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Cops Cry Foul Over Holder Marijuana Policy Move

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eric-holder-marijuana copsBy Phillip Smith

Organized law enforcement has some problems with Attorney General Holder’s announcement last week that the Justice Department would not seek to block Colorado and Washington from implementing their marijuana legalization laws. In a joint letter last Friday, the leaders of seven major law enforcement groups expressed “extreme disappointment” with the move.

Those law enforcement groups are the International Association of Chiefs of Police, the Major County Sheriff’s Association, the National Sheriff’s Association, the Major Cities Chief’s Association, the Association of State Criminal Investigative Agencies, the National Narcotics Officers’ Associations Coalition, and the Police Executive Review Foundation.

While law enforcement has long argued that its role is to enforce the law, not set policy, the police associations clearly felt they should have had input in the Justice Department’s decision-making process.

“It is unacceptable that the Department of Justice did not consult our organizations — whose members will be directly impacted — for meaningful input ahead of this important decision,” the cops wrote. “Our organizations were given notice just thirty minutes before the official announcement was made public and were not given the adequate forum ahead of time to express our concerns with the Department’s conclusion on this matter. Simply ‘checking the box’ by alerting law enforcement officials right before a decision is announced is not enough and certainly does not show an understanding of the value the Federal, state, local and tribal law enforcement partnerships bring to the Department of Justice and the public safety discussion.”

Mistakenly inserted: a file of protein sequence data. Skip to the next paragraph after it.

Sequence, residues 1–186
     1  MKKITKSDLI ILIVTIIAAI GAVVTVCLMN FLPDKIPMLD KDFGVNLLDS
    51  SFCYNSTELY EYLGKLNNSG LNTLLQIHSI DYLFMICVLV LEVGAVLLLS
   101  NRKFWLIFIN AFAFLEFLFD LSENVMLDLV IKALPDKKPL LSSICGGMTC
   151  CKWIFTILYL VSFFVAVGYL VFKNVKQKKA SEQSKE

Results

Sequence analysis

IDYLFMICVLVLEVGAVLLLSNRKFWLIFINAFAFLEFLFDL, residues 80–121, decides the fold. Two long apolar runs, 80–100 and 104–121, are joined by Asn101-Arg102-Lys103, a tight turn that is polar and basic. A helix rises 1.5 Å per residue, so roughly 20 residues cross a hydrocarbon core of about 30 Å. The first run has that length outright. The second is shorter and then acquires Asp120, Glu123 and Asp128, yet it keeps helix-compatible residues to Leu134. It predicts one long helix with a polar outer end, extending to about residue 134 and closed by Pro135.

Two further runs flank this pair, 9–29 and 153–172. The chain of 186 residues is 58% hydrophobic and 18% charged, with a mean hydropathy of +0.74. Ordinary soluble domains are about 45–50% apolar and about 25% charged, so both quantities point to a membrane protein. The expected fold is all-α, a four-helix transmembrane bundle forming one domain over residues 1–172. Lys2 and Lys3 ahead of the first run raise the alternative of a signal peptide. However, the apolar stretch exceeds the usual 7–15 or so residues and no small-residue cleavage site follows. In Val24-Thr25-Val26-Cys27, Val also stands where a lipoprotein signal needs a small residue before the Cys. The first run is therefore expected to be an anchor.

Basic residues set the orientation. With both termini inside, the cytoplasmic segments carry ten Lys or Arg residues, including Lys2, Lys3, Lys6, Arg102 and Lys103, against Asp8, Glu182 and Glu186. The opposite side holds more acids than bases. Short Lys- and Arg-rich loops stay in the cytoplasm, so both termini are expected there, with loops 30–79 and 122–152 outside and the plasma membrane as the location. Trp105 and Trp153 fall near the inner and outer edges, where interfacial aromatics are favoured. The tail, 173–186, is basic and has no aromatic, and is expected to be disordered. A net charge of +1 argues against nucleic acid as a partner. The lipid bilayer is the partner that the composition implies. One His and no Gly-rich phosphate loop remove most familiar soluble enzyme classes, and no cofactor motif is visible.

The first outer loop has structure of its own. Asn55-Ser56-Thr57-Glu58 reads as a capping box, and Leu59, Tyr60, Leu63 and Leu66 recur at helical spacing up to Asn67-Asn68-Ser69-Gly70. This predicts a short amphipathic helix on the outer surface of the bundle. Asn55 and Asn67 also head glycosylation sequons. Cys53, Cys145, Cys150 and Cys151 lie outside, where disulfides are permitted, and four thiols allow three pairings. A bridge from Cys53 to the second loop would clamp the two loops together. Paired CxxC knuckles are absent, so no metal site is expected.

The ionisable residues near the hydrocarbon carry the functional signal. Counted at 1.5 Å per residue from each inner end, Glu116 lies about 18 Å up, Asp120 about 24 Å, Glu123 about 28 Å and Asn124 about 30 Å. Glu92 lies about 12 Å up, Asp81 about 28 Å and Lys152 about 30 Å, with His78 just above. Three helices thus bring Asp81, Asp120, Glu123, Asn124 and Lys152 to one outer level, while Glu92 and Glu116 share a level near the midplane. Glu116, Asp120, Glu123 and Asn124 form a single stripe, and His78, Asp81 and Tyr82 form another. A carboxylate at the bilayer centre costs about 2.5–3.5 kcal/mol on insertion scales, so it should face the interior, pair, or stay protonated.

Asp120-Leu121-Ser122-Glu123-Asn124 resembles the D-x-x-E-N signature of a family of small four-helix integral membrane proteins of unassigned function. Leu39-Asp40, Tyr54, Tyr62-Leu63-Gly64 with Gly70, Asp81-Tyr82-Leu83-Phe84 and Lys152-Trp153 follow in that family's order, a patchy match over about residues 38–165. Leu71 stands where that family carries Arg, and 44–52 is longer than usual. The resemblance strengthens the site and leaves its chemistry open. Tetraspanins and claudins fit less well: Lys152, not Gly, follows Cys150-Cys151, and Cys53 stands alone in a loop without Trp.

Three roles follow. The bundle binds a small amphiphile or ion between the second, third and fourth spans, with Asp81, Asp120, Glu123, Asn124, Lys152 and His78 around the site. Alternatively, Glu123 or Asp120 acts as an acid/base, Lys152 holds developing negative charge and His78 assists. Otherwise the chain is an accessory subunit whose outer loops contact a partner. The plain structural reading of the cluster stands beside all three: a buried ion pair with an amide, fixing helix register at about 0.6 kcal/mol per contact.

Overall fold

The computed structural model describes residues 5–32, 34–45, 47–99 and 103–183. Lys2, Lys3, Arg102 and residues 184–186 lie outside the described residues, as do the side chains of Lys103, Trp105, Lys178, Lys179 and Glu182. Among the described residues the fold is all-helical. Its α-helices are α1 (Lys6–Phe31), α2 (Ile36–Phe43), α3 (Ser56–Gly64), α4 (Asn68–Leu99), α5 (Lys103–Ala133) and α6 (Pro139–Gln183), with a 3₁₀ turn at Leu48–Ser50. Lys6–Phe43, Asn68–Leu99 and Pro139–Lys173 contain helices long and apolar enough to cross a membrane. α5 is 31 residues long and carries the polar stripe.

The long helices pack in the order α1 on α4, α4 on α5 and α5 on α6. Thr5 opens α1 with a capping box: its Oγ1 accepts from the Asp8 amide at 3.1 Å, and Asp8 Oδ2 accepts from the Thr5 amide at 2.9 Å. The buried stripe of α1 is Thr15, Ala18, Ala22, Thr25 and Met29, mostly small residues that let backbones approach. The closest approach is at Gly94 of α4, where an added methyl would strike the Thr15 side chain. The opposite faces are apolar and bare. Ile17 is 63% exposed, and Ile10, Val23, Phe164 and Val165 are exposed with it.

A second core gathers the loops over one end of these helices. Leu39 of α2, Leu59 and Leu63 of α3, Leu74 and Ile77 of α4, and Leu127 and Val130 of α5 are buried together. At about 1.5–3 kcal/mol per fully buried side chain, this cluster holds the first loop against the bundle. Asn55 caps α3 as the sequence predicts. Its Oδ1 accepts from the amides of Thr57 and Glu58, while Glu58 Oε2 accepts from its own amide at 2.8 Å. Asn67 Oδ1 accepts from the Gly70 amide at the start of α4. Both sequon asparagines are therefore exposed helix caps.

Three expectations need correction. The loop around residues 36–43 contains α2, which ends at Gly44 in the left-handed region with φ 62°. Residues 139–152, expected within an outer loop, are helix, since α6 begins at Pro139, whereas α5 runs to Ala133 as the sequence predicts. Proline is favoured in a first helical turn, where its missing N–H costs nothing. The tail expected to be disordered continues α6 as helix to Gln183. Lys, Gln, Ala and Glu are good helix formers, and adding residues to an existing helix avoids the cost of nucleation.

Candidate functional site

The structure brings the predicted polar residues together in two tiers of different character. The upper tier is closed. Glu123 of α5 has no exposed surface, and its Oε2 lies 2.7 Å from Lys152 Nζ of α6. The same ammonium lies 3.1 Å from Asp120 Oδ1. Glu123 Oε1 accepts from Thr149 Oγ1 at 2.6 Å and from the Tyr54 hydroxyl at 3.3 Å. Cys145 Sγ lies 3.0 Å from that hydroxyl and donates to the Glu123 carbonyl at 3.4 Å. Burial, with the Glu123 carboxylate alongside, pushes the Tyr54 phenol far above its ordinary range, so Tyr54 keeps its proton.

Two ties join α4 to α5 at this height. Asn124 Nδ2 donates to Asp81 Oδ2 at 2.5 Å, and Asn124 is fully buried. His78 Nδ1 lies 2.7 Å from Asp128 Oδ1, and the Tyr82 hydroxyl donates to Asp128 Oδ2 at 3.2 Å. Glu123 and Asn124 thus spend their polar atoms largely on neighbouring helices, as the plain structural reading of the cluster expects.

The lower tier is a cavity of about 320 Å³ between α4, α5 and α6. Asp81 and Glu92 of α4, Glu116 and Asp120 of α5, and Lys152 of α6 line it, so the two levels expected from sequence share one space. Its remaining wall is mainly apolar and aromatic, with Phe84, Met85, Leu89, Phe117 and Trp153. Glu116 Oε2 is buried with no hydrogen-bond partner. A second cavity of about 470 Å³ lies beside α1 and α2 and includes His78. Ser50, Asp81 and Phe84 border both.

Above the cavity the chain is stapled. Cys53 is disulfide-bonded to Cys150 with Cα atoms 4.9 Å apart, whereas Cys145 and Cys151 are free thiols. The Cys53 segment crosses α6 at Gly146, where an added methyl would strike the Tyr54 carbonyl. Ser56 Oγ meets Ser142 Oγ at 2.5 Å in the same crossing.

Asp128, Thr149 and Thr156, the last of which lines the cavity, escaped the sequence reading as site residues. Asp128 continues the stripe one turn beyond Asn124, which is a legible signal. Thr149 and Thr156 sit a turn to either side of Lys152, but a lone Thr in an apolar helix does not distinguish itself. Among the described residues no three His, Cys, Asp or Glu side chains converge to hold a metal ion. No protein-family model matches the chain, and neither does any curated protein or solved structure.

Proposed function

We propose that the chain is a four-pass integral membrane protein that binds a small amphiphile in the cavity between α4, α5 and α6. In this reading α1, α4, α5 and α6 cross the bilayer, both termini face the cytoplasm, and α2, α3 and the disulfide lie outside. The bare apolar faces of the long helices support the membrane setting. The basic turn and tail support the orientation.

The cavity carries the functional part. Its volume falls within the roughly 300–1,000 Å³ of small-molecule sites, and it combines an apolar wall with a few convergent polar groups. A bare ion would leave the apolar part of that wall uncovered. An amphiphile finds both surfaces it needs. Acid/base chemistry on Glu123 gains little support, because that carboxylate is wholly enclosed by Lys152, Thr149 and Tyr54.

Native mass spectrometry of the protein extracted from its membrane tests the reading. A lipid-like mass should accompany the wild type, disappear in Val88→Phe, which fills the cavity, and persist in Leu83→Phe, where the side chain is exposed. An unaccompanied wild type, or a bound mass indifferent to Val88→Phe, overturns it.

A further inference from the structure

Beyond their issues with process, the law enforcement groups made it clear that they did not agree with the policy decision. The sky would fall if people could buy and smoke pot legally, the cops warned.

“The decision by the Department ignores the connections between marijuana use and violent crime, the potential trafficking problems that could be created across state and local boundaries as a result of legalization, and the potential economic and social costs that could be incurred,” they wrote. “Communities have been crippled by drug abuse and addiction, stifling economic productivity. Specifically, marijuana’s harmful effects can include episodes of depression, suicidal thoughts, attention deficit issues, and marijuana has also been documented as a gateway to other drugs of abuse.”